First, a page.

A fourth party might then observe that the Universe is really relativistic, and that by ignoring relativity theory and doing a classical computation we introduce an error into all of the above (although it might be included in the semi-empirical LDF approach heuristically).

In the end, one might well have an “ensemble” of models, all of which are based on physics. In fact, the differences are also based on physics — the physics omitted from one try to another, or the means used to approximate and try to include physics we cannot include in a first-principles computation (note how I sneaked a semi-empirical note in with the LDF, although one can derive some density functionals from first principles (e.g. Thomas-Fermi approximation), they usually don’t do particularly well because they aren’t valid across the full range of densities observed in actual atoms). Note well, doing the precise computation is not an option. We cannot solve the many body atomic state problem in quantum theory exactly any more than we can solve the many body problem exactly in classical theory or the set of open, nonlinear, coupled, damped, driven chaotic Navier-Stokes equations in a non-inertial reference frame that represent the climate system.

Note well that solving for the exact, fully correlated nonlinear many electron wavefunction of the humble carbon atom — or the far more complex Uranium atom — is trivially simple (in computational terms) compared to the climate problem. We can’t compute either one, but we can come a damn sight closer to consistently approximating the solution to the former compared to the latter.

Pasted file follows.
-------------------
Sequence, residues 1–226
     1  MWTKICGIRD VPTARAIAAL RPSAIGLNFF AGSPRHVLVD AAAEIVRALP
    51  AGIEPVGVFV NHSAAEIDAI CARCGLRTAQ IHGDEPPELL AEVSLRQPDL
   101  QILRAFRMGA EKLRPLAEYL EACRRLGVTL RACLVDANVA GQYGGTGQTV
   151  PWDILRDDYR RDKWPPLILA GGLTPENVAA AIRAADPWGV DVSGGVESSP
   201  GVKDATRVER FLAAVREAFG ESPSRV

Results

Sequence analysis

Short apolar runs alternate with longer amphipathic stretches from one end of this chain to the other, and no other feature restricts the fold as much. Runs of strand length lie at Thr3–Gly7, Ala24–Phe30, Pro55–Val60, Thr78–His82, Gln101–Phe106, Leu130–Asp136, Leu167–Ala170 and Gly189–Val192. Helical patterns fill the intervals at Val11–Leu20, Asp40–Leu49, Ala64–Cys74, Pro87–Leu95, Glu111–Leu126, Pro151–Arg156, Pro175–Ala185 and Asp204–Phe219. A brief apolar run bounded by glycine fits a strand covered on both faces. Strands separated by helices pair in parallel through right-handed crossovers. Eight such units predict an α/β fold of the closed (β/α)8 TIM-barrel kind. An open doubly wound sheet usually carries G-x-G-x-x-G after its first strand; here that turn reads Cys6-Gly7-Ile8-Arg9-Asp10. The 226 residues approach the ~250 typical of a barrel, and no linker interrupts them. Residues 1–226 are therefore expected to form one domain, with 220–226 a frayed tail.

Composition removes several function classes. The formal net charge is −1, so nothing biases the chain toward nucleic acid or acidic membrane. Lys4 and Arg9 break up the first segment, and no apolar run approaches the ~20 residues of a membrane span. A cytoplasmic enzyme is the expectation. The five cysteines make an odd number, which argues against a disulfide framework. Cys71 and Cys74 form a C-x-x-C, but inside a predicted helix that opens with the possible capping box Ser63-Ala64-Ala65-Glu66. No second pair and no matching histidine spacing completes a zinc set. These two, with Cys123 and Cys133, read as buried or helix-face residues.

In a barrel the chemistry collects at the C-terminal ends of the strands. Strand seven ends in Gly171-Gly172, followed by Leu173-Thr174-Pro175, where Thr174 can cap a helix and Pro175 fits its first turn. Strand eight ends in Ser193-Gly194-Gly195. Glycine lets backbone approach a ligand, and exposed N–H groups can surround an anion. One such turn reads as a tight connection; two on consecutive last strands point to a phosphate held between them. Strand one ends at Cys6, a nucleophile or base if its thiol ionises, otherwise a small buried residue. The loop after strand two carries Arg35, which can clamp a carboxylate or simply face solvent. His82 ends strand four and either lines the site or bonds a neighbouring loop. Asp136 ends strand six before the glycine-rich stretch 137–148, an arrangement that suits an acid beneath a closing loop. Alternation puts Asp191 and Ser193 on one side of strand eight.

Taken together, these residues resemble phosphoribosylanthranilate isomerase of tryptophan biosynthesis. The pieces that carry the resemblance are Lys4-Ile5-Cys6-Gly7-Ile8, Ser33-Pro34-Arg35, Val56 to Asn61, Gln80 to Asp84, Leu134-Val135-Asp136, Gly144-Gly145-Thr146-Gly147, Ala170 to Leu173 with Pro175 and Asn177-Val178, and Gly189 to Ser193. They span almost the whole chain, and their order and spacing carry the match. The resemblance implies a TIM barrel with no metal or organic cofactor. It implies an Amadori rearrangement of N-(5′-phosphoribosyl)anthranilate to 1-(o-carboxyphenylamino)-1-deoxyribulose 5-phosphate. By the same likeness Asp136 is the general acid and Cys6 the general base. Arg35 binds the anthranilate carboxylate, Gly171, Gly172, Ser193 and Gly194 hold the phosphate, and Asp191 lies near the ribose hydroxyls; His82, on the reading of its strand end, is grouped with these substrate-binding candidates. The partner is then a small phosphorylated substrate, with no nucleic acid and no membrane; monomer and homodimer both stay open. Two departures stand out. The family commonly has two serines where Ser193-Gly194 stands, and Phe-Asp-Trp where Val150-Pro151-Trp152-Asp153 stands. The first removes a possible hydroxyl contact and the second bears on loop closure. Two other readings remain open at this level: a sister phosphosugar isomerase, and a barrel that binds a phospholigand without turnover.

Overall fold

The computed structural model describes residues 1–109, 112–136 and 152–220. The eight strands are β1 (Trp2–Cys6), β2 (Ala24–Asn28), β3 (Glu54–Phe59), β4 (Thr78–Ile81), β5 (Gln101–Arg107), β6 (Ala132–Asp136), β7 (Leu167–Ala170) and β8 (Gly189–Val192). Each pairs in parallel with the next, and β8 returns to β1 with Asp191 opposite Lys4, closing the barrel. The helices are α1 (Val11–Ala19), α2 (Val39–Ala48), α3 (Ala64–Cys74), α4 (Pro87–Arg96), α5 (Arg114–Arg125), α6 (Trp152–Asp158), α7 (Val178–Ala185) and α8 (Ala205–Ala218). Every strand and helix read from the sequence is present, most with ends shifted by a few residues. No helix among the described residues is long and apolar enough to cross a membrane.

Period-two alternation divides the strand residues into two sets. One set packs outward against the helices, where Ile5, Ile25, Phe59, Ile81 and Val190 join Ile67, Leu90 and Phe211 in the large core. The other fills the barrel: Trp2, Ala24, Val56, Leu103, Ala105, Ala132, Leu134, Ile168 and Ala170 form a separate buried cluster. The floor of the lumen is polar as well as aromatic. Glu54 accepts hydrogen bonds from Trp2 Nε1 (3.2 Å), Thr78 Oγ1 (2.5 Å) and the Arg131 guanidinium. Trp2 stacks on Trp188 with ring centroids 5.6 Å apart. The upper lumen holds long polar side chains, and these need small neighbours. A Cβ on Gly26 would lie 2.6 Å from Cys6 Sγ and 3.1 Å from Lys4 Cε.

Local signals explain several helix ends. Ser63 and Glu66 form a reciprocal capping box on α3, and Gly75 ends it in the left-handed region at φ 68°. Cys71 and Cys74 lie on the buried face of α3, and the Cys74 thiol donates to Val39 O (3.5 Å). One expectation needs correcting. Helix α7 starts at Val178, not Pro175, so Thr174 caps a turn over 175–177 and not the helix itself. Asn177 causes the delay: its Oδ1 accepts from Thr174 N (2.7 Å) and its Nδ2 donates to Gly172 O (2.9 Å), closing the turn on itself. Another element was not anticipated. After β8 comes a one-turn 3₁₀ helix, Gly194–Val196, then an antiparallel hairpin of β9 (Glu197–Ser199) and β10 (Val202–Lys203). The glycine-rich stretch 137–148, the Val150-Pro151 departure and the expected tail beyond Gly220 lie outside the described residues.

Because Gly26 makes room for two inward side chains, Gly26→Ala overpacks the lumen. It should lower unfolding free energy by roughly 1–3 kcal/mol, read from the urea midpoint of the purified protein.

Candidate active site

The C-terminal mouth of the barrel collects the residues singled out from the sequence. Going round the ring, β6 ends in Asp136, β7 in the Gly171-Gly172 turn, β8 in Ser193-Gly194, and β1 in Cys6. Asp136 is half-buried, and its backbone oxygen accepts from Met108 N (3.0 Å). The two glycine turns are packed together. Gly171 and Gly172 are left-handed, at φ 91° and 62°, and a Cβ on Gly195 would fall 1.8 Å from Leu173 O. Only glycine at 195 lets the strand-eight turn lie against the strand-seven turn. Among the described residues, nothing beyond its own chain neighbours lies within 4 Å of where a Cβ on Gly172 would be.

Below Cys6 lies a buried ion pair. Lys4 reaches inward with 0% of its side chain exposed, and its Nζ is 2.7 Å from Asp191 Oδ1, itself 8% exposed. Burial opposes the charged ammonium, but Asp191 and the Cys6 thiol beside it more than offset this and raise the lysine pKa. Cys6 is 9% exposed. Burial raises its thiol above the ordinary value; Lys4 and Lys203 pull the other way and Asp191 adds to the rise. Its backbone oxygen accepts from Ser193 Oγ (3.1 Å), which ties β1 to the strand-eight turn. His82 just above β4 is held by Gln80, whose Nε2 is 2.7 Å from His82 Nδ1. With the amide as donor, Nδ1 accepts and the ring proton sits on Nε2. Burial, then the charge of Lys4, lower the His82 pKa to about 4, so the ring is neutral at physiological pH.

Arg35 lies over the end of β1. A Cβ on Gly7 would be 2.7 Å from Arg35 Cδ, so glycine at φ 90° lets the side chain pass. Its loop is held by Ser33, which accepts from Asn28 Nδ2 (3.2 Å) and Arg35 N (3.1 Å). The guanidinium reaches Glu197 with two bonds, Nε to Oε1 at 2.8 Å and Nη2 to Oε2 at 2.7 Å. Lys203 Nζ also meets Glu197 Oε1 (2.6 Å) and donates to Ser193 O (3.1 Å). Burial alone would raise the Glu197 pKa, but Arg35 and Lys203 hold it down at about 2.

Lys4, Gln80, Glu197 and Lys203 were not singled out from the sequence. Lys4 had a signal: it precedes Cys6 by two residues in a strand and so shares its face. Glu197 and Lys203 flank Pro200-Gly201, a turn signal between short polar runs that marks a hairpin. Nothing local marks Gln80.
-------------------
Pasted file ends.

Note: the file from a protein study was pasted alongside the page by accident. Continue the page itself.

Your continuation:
So, should we take the mean of the ensemble of “physics based” models for the quantum electronic structure of atomic carbon and treat it as the best prediction of carbon’s quantum structure? Only if we are very stupid or insane or want to sell something. If you read what I said carefully (and you may not have — eyes tend to glaze over when one reviews a year or so of graduate quantum theory applied to electronics in a few paragraphs, even though I left out perturbation theory, Feynman diagrams, and ever so much more:-) you will note that I cheated — I run in a semi-empirical method.

Which of these is going to be the winner? LDF, of course. Why? Because the parameters are adjusted to give the best fit to the actual empirical spectrum of Carbon. All of the others are going to underestimate the correlation hole, and their errors will be systematically deviant from the correct spectrum. Their mean will be systematically deviant, and by weighting Hartree (the dumbest reasonable “physics based approach”) the same as LDF in the “ensemble” average, you guarantee that the error in this “mean” will be significant.